The cfDNA in tumor patients is a mixture of cfDNA derived from tumor and non-tumor tissues, and it is a challenging endeavor to distinguish them. Although challenging, two main methods have been developed: (1) The xenografted mice model can be used to differentiate between the human tumor and non-tumor cfDNA fragments [27]. (2) Since the copy number variations (CNVs) involving a whole or a large part of a chromosome arm are relatively common in tumors, for chromosome arm with amplification, the contribution of tumor cfDNA to plasma would increase, whereas, for chromosome arm with deletion, its contribution would decrease. Thus, the chromosome arm-level z-score analysis (CAZA) approach exploited by Lo et al. could infer tumor cfDNA based upon the information on CNVs in specific tumors [5, 28]. Recently, the size profile of cfDNA in tumors of patients has been depicted more precisely by using advanced approaches (Table 1). By using AFM, 80% of cfDNA in colorectal cancer patients was found to be <145 bp [29]. Mouliere et al. showed that the cfDNA with KRAS mutation was more fragmented than the wild-type cfDNA by qPCR in colorectal cancer patients [6]. Also, by using MPS, it was reported that short cfDNA fragments preferentially carried the tumor-associated aberrations in hepatocellular carcinoma patients [28]. Therefore, tumor cfDNA was considered to be shorter than non- tumor cfDNA. Precisely analyzed by MPS, the size profile of cfDNA in tumor patient was mainly peaked at 166-168bp with smaller peaks at the periodicity of 10 bp in the range of 40-166 bp [27, 28, 30] (Figure 2C).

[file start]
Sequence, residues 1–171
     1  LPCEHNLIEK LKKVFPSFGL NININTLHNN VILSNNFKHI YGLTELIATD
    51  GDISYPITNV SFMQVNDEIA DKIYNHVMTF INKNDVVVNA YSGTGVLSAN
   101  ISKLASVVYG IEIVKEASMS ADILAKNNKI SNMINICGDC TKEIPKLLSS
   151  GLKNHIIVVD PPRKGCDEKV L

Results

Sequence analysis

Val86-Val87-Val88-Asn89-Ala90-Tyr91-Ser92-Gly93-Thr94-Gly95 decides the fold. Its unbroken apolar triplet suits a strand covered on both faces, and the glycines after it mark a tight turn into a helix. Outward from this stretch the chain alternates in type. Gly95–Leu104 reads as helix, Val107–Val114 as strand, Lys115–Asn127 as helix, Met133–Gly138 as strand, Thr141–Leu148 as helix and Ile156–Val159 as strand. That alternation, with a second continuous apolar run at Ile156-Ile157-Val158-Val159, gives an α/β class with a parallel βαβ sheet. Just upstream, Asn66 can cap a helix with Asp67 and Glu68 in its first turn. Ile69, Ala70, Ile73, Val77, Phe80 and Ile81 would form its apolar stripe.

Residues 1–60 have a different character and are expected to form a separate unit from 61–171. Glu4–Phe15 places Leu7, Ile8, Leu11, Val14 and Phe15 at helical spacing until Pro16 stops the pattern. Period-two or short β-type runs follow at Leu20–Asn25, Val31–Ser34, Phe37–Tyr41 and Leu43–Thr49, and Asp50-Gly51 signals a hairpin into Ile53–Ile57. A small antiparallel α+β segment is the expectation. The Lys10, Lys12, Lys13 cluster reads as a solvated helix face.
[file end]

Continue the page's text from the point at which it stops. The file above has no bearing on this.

The size of the cfDNA varies subtly with the methods, types and stages of tumors, and positions of cfDNA. With respect to various methods, using a cursory agarose gel electrophoresis, cfDNA size in tumor patients was determined to have “ladder” patterns with the main length of approximately 180 bp [31]. MPS and qPCR were considered relatively robust approaches to analyze size profiles; however, using these methods, the precise size of the main peak was subtly different. The tumor cfDNA was mainly <150 bp using qPCR in xenografted mice; for instance, human cfDNA from hepatocellular carcinoma and glioblastoma was mainly at 134-144 bp and the background of mice cfDNA was distributed at 167 bp [7, 27]. However, compared with qPCR, cfDNA in tumor patients measured by MPS was found to be longer and had a prominent peak at 166 bp [28]. Another compelling study performed whole-genome sequencing (WGS) of cfDNA in plasma, indicating that the median overall size of cfDNA in tumor patients was around 163.8 bp [32]. The reason for this variation between the two methods is unclear. A crucial difference could be that the molecules that are short or degraded with nicks in either strand can be effectively recovered through the qPCR procedures, but not readily detectable by double-stranded DNA library construction of sequencing [30, 33]. The size of tumor cfDNA in plasma varies in different types and stages of tumors. It was reported that the size of cfDNA in patients with colorectal, ovarian, breast, head and neck, and melanoma cancers was shorter than that in patients with renal, glioblastoma, and bladder cancers because of the higher concentration of tumor cfDNA [34, 35]. Furthermore, the cfDNA was observed to be around 176.5 bp in locally advanced pancreatic cancer patients, which was longer than 167 bp found in metastatic patients [8]. Similar observations were made in breast cancer as the short cfDNA was more frequent in the plasma of metastatic than early-stage cancer patients [36]. With regard to cfDNA position, analysis of cfDNA from sources other than plasma would be valuable in specific tumors, such as cerebrospinal fluid (CSF) from brain cancer patients and pleural effusion from lung cancer patients [37, 38]. In a recent study, the cfDNA of a size <150 bp was reported in more than 50% of CSF samples in glioma patients, but in less than 20% of plasma samples, and the size of cfDNA in urine was the shortest compared with CSF and plasma [39]. Besides, seminal cfDNA fragments longer than 1000 bp were reported to be more common in prostate cancer patients than in healthy controls [40]. These results indicated different subnucleosomal fragmentation patterns of cfDNA by other nucleases in the CSF, urine, and seminal fluid.